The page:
Here’s an interesting twist to the debate on health care reform. As we have tried to tell you, it’s very complex and one cannot reduce it to “single payer” vs. “nothing.” Not only does every constituency have a point of view, but the points of view often vary within a constituency. For example, Kaiser Permanente is a large insurer in California, but it is a non-profit, and it has different ideas about reform than some of the members of AHIP, the designated lobbying organization for the insurers.
The AMA, which supposedly represents the medical community but apparently only represents 17% of it, has been at the table during the negotiations. But this week, social media takes another step forward as the physicians of the Sermo online community announce the Physician Appeal, opening a channel for direct communication between physicians and policy makers, cutting out the influence of special interest groups.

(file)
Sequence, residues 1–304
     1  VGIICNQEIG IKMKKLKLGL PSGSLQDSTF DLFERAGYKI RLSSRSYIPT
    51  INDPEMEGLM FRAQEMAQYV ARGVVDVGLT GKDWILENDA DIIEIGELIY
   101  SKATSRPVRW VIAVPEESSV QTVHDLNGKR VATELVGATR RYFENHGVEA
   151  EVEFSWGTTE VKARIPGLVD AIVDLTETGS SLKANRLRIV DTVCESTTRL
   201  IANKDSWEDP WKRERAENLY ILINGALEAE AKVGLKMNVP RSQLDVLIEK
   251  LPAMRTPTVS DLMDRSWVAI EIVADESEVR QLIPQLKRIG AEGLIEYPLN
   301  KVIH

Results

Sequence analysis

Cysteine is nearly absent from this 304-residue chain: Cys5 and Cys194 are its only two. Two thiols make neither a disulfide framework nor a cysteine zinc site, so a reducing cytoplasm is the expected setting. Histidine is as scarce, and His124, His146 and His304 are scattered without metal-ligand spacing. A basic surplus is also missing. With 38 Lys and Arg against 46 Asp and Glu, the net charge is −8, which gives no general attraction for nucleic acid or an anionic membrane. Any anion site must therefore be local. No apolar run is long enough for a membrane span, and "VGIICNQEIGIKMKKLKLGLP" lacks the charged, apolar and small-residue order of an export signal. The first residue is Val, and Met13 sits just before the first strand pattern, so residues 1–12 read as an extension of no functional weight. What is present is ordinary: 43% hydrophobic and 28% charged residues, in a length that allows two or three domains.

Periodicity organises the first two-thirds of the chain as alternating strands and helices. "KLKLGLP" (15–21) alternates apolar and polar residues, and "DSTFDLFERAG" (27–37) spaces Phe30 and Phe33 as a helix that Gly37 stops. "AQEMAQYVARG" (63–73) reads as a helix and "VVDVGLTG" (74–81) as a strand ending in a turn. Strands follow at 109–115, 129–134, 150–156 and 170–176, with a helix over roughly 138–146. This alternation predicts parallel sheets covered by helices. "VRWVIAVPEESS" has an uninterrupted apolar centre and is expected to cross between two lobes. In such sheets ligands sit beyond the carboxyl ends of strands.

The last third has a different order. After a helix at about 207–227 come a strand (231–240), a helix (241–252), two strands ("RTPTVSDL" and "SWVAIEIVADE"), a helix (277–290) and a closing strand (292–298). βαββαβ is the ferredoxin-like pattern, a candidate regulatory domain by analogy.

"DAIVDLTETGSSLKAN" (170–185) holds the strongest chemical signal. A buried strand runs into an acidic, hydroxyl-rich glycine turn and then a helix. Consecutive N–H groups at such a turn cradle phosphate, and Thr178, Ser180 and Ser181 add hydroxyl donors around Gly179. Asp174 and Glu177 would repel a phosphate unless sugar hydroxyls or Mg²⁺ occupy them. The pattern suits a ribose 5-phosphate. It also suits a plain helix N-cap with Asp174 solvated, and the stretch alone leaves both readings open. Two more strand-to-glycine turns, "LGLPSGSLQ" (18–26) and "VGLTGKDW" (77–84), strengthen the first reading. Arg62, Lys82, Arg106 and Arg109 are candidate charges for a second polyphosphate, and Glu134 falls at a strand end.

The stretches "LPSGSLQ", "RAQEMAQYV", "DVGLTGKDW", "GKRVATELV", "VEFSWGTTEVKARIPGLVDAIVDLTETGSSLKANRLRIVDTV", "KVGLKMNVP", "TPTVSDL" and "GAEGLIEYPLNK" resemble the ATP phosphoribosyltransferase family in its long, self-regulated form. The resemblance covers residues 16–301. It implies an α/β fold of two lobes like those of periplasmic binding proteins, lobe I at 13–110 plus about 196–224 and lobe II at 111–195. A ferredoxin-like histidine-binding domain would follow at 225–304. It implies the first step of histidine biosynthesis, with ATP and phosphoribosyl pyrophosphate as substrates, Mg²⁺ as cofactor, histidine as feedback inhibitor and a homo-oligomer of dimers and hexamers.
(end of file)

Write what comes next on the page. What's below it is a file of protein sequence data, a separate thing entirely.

1. Reducing unnecessary tests and procedures through tort and malpractice reform,
2. Allowing doctors to spend more time taking care of patients by making billing more transparent and streamlined (creating an alternative to CPT codes)
3. Insurance reform to ensure that physicians are making medical decisions with their patients, not insurance company administrators.
4. Revising the methods used for calculating reimbursements so that there will be enough qualified physicians to provide patient care.
Perhaps most telling, not one of the things that physicians consistently rank as the most important steps to true healthcare reform are even mentioned in the current versions of the reform bill. And we can venture a guess that the physicians on Sermo are the younger ones who will be practicing under whatever legislation is enacted.
Stay tuned, as the fat lady is a long way from singing. Social media has a tendency to bubble up into the mainstream (as we have already blogged about this) and we expect some of these ideas to be discussed before any legislation is passed.